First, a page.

level. However, the question remains as to whether SOAP provides
applications with the ability to distinguish among the remaining payload
locations.

Should SOAP allow the application to know or select the envelope in
which each payload is packaged? Is it reasonable to expose this
packaging detail at the application level? Can an application
distinguish between MIME headers and XML attributes (eg. encodingStyle)
when examining or specifying per-payload properties, or would
applications also require an awareness of these distinctions?

The specification "SOAP Messages with Attachments," by John J. Barton
(Hewlett Packard Labs) and Satish Thatte (Microsoft), does an excellent
job of specifying how one puts MIME attachments in a SOAP message along
with some of the interactions between payloads, but it does not address
these sorts of envelope-transparency issues. (This specificiation was
posted to http://discuss.develop.com/soap.html on July 7, 2000, but the
attachment does not seem to be available from the archive.)

(4) Many RFCs and standards have been created to specify how one uses
MIME headers to package MIME parts for a particular purpose. Some
specify document types, some specify character encodings, some specify
that the data is encrypted, some specify the presence of signatures or
certificates needed to interpret the message -- in general any
information needed for middleware software to communicate
payload-specific handling. If we put data in the body portion of the
envelope, we forsake all the benefits available through tools that
implement these standards. Is it reasonable to put payloads in one place
only when those standards aren't needed and in the other when they are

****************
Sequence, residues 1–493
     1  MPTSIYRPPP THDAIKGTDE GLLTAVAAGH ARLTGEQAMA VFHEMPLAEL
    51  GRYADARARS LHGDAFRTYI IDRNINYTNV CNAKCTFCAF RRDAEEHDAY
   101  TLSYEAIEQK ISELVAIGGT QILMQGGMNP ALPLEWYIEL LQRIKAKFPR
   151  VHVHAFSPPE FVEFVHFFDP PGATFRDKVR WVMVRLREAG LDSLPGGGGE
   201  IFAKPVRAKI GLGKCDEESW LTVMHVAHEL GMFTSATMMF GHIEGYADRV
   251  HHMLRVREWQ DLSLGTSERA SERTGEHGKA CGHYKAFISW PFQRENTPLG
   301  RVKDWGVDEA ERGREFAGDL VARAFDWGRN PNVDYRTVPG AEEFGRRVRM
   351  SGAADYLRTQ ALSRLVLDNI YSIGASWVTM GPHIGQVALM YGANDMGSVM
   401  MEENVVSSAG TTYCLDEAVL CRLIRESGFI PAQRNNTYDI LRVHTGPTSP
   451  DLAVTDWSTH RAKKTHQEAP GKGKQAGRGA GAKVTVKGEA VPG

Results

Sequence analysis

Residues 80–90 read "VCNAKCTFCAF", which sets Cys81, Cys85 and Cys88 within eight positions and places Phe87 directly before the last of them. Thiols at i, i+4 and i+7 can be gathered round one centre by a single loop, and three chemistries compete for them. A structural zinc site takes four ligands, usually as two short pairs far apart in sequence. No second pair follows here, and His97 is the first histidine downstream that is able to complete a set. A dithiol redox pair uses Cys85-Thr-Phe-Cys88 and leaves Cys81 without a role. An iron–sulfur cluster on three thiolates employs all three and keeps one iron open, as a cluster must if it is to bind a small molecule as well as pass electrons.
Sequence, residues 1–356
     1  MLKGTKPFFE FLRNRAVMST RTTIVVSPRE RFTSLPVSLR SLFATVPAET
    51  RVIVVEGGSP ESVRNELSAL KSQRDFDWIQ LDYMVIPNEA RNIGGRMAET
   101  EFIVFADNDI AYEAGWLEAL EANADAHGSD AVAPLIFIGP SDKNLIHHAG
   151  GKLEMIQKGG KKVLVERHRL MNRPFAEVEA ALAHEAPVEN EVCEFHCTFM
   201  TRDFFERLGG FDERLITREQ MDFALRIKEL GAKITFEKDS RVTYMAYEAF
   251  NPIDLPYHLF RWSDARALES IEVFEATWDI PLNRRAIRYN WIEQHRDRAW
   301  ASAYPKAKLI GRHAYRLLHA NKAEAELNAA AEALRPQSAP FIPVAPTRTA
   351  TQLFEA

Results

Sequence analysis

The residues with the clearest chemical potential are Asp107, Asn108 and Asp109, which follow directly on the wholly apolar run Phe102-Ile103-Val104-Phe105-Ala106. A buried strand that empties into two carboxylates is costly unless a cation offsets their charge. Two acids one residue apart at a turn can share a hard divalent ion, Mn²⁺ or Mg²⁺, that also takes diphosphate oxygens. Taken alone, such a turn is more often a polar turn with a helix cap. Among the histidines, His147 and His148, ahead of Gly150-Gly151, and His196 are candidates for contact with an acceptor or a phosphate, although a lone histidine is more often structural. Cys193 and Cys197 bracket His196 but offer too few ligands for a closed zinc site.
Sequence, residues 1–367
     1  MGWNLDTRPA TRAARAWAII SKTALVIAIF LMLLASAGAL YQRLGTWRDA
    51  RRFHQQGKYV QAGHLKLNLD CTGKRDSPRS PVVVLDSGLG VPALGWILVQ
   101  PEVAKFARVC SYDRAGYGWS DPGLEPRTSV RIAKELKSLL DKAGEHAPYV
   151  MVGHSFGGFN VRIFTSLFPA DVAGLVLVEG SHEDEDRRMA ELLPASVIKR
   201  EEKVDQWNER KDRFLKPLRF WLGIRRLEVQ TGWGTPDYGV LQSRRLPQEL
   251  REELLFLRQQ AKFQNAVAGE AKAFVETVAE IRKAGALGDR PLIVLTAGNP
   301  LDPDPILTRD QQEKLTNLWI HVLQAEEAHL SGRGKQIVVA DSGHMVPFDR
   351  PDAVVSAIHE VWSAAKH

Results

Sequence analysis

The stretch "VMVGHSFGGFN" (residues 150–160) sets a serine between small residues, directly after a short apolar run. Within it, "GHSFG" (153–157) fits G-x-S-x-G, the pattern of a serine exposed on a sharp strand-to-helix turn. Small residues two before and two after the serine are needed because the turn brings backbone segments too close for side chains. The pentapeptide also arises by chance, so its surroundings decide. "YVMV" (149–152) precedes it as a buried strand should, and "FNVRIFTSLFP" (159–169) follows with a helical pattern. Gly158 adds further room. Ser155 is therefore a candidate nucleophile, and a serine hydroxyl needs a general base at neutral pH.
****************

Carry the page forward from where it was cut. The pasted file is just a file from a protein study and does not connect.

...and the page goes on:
needed? SOAP adds the encodingStyle attribute to each payload. Won't we
also sometimes need that with a MIME part?

</ISSUES>

Okay, assuming that my issues are substantially correct (which may be a
completely false assumption), what benefits are there to allowing an XML
packaging mechanism at all in SOAP for application payloads? Why not
just define SOAP in a packaging-independent way and provide a binding
for MIME (or its HTTP variant) for now, until the W3C produces a
well-thought-out specification for XML packaging? The only answer I can
think of is a good one, but not one that stands up to the requirements
of high-end B2B ecommerce: that life is easier for developers if they
don't have to learn and work with yet one more technology -- MIME.

Joe Lapp
Principal Architect
webMethods, Inc.

P.S. This email was substantially critical of SOAP, or at least of
SOAP's packaging of application payloads in XML, so I want to end by
saying that SOAP 1.1 is the most impressive XML specification I've had
the pleasure to read. I have referred many people to it to use as a
model for their own XML specifications (even including some
Microsofties). It is very easy to read, very easy to understand, and
very succinct. I'm impressed with the extensibility mechanism created
for the SOAP header -- I'm especially impressed that the designers
understood that the X in XML does not by itself give them extensibility.
I'm most impressed with how little documentation is required to specify
a working messaging protocol. ebXML and RosettaNet RNIF have much to